Friday, September 29, 2017

Some mind-expanding articles for this autumn #FridayReads

A cozy sunkenarium, with nearby home-library access, is the perfect spot for reading.
(Large indoor plants optional.)

It's autumn. Time to tuck away, like acorns for your brain, these articles and blog posts and essays that I've come across in recent weeks. Read them now, or save them for a blustery winter day. Make sure you have some soup and oyster crackers in the pantry, too.

And, finally...

Here's the link to the article.

Thursday, September 28, 2017

1942 postcard: "Everything is peaceful & quiet here"

Here's a beautiful linen postcard featuring the "World's Largest Bandshell and Open-Air Theater" in Daytona Beach, Florida.

The printed caption on the back of this Genuine Curteich-Chicago "C.T. Art-Colortone" postcard states:
"This majestic structure, built of beautiful coquina shell-rock, towers the Atlantic Ocean, the world's most famous beach, and borders the concrete boardwalk. Late model sound devices are used for staging and broadcasting musical, dramatic and other entertainment programs during both winter and summer seasons."
The bandshell, a Works Progress Administration project, was completed and opened in 1937 and is still around, having celebrated its 80th anniversary this past summer. It is now part of the U.S. National Register of Historic Places. This weekend, the bandshell is hosting a tribute show to the music of Led Zeppelin.

This postcard was dated May 16, 1942, and mailed to Joseph Barth in Bloomfield, New Jersey. The short note states:
"Everything is peaceful & quiet here. I will hate to leave here, but it will be good to be home again.
Life was hardly peaceful elsewhere in the world on May 16, 1942. Earlier that week, a Royal Navy ship was torpedoed and sunk by German forces off the coast of North Carolina; the Second Battle of Kharkov, which would claim nearly 200,000 lives, was underway; and the Sobibór extermination camp became operational in occupied Poland. An estimated quarter-million Jews would be murdered there.

How to have fun on long trips (1952)

Fun for the Family is a 30-page staplebound booklet that was written by Stanley Pashko and published by Birk & Company in 1952. It promises in the introduction that "most of the games and ideas in this booklet are brand new, or newly adapted, but an occasional 'oldie' has been included as a reminder that it is still well worth playing."1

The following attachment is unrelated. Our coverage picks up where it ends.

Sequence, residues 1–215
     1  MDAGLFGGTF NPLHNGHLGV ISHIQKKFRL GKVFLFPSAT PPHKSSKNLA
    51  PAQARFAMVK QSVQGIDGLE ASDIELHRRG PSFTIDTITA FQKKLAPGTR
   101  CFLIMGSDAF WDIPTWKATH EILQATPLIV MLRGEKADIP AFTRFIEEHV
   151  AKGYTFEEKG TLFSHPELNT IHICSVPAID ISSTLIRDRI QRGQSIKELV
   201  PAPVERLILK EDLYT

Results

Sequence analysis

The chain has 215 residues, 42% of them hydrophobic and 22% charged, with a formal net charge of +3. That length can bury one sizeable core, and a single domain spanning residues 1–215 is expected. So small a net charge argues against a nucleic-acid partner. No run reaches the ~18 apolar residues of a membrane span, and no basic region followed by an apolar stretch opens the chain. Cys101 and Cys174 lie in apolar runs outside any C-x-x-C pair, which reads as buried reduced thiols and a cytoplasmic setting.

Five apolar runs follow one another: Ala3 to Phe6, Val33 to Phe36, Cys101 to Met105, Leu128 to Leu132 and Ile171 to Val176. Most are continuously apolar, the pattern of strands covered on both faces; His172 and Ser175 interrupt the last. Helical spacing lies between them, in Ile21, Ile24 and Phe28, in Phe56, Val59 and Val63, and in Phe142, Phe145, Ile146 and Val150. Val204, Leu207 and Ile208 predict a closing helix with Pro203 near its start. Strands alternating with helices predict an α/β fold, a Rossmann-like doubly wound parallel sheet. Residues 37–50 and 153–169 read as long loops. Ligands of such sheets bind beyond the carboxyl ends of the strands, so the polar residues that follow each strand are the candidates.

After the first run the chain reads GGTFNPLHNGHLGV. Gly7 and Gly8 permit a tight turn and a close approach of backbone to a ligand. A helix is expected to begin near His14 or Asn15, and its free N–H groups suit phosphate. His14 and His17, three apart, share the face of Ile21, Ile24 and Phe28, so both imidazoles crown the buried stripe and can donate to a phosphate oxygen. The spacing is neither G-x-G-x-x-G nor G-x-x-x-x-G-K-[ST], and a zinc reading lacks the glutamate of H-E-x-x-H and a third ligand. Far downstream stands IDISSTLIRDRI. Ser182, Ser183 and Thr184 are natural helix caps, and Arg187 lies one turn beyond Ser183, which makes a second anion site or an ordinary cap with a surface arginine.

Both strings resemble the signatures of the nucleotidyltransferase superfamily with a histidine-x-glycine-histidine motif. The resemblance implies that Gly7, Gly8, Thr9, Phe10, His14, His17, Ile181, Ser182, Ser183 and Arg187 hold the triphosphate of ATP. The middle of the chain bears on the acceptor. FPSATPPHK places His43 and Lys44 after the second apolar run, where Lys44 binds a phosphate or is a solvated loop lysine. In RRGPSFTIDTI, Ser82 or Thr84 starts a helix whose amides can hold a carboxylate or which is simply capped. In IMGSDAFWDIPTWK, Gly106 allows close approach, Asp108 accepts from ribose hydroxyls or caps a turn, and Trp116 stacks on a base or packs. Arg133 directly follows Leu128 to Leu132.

So, now the "new" games from this booklet are themselves the "oldies." And the "oldies" from 1952 are "real oldies" now. I'm guessing that many of these will bring back memories for some portion of Papergreat's readers. Please share those memories in the comments!

I'm going to focus on Chapter 3, titled "Fun on Long Trips." In the days before iPads and iPhones and iPods and even Mattel Football, this section deals with "games which require no equipment at all or, at most, very rudimentary equipment such as a pencil and paper."

Eagle Eye: This may be played on any automobile or train trip. Players look out of the window at the passing panorama and watch for specific objects which are not too frequently seen.2 For instance, four-footed animals score one point; red-headed ladies, five points; women carrying babies, five points; a woman looking out a window, ten points. ... A hundred points is game.

[Note: OK, that one got really weird, really fast. Why are these people not driving past fields of cows? That's like 83 points right there. And what's up with the fixation on women? And how many babies, plural, is the woman carrying?? I think my alternate title for this post could have been "Red-headed ladies, five points."]

Poker Face: Each player takes a turn in saying some silly sentence which the others must repeat in turn without smiling. The sole object is to make your sentence so ridiculous that the other players cannot possibly repeat it without breaking out into a smile. You get a point for each player who smiles; so make your sentences good. Some sample sentences are: "I do wish I weren't so utterly, utterly beautiful." "Who put that pickle in my ear?" "Please pass the ketchup, I want to brush my teeth."

[Note: This game is the spiritual ancestor to games like "Make Me Laugh," "Don't Laugh," "The Quiet Game" and, for backseat occupants only, "The Staring Contest."]

Auto License Roulette: Each player selects a number from one to ten. After everyone has chosen a number, wait for the first car to come along. The number on the extreme right-hand side of the license plate determines the winner. The player who scores ten winning numbers first is the winner.

Auto License Golf: The player who has the honors selects a car and writes down the license number as soon as it is visible. His opponent takes the next car. All the numbers in the license are totaled and the player whose total is highest wins the hole. Play 18 holes to determine the champion.

Auto License Bingo: Each player writes down fifteen numbers on a sheet of paper. They may be any numbers from 1 to 99 and a player may list the same number fifteen times if he wishes. After all players have written down their selected numbers, an umpire begins the game by calling out the last two digits on the license plate of each truck or car that passes by, and if the numbers he calls are on the sheets of any of the players, they call out that fact, draw a single line through the lucky number, and show it to the referee for verification.3 The game continues until someone has crossed off five of his numbers. This is considered "bingo" and wins the game. The umpire should jot down each number as he calls it so that the winning card may be checked after the game.

[Notes: 1. Another form of bingo was discussed in this January 2013 post. 2. Today, a fun license plate game for the kids with devices would involve selecting a passing license plate and seeing who can be the first to use public records and cyber-sleuthing to find the Facebook page or Instagram account of the individual to whom the license is registered. Bonus points if you can make digital contact with the person in the other car within 10 minutes. The umpire should make sure no contestants use the dark web. Google only, please.]